“Diana created such a level of empathy because she was just normal,” Larraín remarked in Venice, and every time the screenplay tries to reinforce this “normalcy” in the character, it takes Diana further and further away from the audience’s sympathies. Hers is a free spirit that has been trapped in a gilded cage and the film is meant to show us how that suffocates her and inflicts deep, psychological trauma upon a loving mother, a dedicated wife. Her put-together public life (protecting the sanctity of which eventually cost her life) is a sham, and the mental turmoil she is in is obvious and something the audience knows to expect. Diana’s struggle with an eating disorder has been widely-known but, sadly, a grave illness becomes a tool for Larraín and Knight to show that she is “cracking.” Out of despair, Diana cuts herself with a wire cutter, constantly makes herself sick, takes off a scarecrow’s jacket and talks to it. The script does her immense distress a disservice by never fully dwelling on the deep sorrow that underlines all of these symptoms—as a result, they come across as whimsical ticks. Diana is so scared of the royal family wringing the lifeblood out of her that she likens herself to Ann Boleyn, but this debilitating fear is reduced to being expressed as a whimsical costume party and the princess playing around with gigantic pearls. Taken out of context of the rest of her life, Princess Diana is reduced to being a huffy, pouty, forever-complaining, “difficult” royal wife. Presumably inadvertently, the film presents to the audience a grocery list of reasons why Princess Diana would be fairly impossible to live with, even for a much-resented man like Prince Charles. Larraín assumes we will feel bad for his Diana because we've always felt bad for the real Diana, but he doesn’t quite do the work of making his Diana as complex and contradictory as the real woman we’ve built our stories around. The condensing of her whole life into these three days, and filling these days with winks and nudges towards everything that is to come in her life, leads to the flattening of Diana’s inherent mystery.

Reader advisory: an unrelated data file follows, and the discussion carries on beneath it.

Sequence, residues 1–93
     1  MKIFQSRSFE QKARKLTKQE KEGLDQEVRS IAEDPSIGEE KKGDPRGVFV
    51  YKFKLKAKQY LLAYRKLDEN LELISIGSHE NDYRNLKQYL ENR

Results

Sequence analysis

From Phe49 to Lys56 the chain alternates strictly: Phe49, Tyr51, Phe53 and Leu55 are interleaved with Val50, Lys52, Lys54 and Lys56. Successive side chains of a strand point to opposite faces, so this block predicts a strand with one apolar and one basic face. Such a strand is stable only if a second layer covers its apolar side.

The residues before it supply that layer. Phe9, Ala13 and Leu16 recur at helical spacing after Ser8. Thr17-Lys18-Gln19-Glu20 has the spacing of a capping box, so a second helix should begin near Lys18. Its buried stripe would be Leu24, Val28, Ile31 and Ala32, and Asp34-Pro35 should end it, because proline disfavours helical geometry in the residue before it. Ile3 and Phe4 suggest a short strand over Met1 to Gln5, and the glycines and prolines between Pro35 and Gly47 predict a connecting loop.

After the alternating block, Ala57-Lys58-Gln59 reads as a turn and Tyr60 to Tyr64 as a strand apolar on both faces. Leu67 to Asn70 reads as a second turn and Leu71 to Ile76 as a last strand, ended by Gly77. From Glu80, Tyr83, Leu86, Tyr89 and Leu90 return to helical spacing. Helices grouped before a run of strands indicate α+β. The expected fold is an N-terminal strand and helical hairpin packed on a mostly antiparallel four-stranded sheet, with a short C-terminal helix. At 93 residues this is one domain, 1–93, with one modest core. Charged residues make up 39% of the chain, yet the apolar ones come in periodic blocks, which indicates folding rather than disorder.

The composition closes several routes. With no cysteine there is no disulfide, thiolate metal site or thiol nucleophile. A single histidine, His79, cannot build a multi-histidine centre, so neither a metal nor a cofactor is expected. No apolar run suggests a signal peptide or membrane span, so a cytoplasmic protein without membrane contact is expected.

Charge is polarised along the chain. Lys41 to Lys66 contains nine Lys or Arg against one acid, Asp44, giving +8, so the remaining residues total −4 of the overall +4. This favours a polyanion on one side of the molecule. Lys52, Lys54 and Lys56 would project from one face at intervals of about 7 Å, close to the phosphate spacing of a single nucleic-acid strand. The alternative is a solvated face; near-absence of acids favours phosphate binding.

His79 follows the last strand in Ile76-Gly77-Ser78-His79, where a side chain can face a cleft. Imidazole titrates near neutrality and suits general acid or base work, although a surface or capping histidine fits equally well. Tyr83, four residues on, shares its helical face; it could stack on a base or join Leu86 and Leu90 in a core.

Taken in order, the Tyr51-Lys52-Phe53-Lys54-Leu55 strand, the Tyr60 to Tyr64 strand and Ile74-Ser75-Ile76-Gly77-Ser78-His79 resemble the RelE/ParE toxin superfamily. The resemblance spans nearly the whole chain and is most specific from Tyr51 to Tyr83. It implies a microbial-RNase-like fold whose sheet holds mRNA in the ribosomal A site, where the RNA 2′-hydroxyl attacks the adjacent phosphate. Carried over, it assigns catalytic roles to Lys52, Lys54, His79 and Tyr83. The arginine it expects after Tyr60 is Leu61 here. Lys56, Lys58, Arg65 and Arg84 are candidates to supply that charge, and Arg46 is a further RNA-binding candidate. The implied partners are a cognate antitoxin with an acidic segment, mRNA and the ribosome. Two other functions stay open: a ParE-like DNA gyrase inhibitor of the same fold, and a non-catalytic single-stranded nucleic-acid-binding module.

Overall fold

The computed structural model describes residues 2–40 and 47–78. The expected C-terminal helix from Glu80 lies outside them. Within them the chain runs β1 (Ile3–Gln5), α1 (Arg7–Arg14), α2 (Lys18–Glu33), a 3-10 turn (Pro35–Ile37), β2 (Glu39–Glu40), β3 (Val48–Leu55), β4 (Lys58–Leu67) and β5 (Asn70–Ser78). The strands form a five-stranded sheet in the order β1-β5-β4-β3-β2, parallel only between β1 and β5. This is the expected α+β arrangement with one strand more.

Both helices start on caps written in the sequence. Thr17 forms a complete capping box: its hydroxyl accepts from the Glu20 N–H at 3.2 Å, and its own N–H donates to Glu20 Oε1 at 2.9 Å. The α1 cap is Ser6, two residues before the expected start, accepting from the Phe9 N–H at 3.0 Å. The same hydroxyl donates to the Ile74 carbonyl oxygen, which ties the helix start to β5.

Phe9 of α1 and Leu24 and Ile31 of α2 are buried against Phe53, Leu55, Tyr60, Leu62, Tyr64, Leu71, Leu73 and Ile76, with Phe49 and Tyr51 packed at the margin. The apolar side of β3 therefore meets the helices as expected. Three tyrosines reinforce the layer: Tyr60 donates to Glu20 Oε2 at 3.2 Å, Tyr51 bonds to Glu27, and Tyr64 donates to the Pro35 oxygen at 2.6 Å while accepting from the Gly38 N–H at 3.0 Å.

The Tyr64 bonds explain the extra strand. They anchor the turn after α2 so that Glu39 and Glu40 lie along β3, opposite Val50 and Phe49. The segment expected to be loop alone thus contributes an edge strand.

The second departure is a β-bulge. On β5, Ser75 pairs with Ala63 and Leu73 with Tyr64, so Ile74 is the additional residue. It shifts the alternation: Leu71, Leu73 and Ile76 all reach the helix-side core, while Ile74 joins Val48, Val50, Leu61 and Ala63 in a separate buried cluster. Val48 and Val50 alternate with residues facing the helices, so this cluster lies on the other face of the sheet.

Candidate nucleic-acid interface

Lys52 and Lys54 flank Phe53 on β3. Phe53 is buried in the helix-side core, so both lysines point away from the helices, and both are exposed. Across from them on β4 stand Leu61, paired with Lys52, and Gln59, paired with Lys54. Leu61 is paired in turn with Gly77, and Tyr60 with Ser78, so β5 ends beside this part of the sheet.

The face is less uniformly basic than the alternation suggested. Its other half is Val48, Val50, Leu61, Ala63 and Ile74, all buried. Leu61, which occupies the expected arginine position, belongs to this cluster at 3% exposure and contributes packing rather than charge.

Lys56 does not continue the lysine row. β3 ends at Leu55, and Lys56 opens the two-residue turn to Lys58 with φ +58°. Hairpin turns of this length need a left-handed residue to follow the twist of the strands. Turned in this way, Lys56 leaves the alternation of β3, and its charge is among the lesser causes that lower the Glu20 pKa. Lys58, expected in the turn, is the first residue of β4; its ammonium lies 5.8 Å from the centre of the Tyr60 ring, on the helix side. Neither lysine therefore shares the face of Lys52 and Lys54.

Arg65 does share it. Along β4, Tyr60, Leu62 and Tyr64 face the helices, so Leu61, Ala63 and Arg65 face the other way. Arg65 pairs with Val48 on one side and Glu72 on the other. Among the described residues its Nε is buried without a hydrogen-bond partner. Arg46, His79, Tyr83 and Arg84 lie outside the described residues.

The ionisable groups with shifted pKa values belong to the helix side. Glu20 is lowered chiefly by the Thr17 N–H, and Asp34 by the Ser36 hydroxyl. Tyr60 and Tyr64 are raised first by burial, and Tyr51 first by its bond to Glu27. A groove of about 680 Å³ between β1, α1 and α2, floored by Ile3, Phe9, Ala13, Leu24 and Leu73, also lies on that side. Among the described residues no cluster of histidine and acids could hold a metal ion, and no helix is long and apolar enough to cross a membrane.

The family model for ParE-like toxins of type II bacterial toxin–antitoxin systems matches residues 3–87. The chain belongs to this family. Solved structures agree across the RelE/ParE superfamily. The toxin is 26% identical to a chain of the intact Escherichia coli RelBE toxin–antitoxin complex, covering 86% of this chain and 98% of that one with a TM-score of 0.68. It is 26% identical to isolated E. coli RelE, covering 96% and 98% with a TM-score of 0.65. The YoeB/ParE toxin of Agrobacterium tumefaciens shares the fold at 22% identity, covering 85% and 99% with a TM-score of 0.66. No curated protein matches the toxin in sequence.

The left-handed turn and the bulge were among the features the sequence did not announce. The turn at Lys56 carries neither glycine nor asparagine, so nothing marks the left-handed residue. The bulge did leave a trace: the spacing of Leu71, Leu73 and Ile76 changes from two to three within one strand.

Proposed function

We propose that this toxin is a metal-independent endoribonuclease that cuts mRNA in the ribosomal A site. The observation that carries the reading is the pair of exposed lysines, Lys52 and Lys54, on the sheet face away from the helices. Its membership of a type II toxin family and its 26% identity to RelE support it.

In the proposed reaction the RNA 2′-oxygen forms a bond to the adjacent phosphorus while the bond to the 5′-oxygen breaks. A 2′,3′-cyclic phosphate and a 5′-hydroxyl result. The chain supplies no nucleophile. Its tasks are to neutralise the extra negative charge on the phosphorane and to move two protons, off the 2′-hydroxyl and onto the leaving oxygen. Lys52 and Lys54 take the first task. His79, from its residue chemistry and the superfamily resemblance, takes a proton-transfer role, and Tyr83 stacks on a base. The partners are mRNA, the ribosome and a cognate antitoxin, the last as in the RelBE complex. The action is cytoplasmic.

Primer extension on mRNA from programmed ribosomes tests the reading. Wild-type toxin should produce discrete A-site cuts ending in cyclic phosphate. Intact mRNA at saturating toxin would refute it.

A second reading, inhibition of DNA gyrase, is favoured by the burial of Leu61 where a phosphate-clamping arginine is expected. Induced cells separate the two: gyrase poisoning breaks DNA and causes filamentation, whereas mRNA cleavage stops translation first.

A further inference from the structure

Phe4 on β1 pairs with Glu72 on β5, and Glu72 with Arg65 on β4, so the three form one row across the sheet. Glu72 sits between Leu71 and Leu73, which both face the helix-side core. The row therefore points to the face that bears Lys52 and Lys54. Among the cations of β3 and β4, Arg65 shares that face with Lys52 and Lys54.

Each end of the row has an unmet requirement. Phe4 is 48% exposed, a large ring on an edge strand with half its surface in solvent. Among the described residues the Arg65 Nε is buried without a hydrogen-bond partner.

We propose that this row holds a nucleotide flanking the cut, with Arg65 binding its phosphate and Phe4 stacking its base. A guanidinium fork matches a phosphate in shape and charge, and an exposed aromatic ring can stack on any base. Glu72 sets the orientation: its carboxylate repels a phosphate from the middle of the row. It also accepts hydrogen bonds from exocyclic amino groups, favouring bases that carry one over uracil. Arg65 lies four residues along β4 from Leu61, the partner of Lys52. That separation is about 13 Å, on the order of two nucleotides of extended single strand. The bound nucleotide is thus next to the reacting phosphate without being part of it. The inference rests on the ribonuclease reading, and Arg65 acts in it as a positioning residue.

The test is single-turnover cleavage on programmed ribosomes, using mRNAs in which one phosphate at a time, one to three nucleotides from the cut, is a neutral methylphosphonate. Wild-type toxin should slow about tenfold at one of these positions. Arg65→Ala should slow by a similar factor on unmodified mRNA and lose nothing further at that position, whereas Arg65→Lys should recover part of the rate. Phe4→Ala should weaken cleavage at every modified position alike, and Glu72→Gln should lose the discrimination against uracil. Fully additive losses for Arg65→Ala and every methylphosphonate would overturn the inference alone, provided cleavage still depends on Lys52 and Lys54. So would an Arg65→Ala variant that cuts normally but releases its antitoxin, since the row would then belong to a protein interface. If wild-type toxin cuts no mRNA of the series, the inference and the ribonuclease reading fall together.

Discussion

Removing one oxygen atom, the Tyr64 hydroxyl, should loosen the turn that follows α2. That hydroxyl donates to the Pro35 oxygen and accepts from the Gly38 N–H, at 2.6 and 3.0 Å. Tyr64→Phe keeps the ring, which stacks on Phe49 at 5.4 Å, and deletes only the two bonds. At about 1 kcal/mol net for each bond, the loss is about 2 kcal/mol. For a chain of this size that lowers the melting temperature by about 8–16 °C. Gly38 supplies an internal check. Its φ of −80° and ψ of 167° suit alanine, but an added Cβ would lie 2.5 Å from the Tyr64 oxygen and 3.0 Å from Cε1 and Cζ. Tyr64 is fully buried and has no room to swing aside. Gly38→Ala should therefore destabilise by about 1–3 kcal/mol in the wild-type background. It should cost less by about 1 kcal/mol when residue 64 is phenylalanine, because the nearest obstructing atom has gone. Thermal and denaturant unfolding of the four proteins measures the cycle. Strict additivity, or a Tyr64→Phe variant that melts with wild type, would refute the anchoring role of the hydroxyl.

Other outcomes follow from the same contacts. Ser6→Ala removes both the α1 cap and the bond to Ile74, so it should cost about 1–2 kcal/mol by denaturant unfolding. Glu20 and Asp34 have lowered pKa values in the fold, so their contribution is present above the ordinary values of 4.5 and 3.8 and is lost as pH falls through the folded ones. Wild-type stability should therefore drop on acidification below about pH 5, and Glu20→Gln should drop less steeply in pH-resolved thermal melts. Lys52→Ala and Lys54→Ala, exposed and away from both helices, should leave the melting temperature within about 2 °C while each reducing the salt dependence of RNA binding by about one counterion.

Kristen Stewart’s own elusive celebrity adds to the untouchable grandeur that Princess Diana symbolizes for many. Within a script that gives her very little to chew on, she tries her best to embody a woman whose mythical and ageless stardom is difficult to contain. The fantastic cinematographer Claire Mathon films Spencer like a gothic horror film, creating a claustrophobic tightness within the expanse of Sandringham, making evident the tight scrutiny that pins the princess down. Jonny Greenwood’s excellent score uses creepy free jazz to complement the aura of absolute chaos and disarray that marks the holiday for Diana, and the eeriness of Mathon’s photography. Jacqueline Durran’s costume design, too, creates impressive replicas of the greatest hits of Diana’s iconic costumes which go a long way in convincing us how good a Diana Stewart makes.

I do not necessarily think that subtlety is something necessary when telling a story. Nor is a commitment to “truth” when retelling the events of someone’s life. Spencer’s failing isn’t about how close or far it is from the objective truth of Diana’s life. It lies in the fact that, like the paparazzi that hounded her every waking hour, the film looks at the surface of her life and when it does try probing deeper, it doesn’t do it with much sincerity and reduces her to being a bag of stereotypes.

Diana’s decision to end her marriage is pivotal in her life as a public celebrity, in a way that adds to her credit and makes her more desirable and seemingly real to ordinary people. When she (very famously) made a public appearance in an off-shoulder little black “revenge” dress after Prince Charles’ confession of adultery, the world nodded in agreement with that immense power move. There is an effort in Spencer to make Diana seem like a middle-class British mom who listens to Mike & the Mechanics and eats at KFC. It might work as a poetic liberty but half of Diana's enigma lies in the fact that she was the daughter of an earl married to a prince. Larraín tells us a story we have known for years and are already looking beyond. Almost as a cop out, he relies too much on Diana’s existing giant fanbase to carry his retelling through. And after many good and bad regurgitations of the same story, they now know how to discern.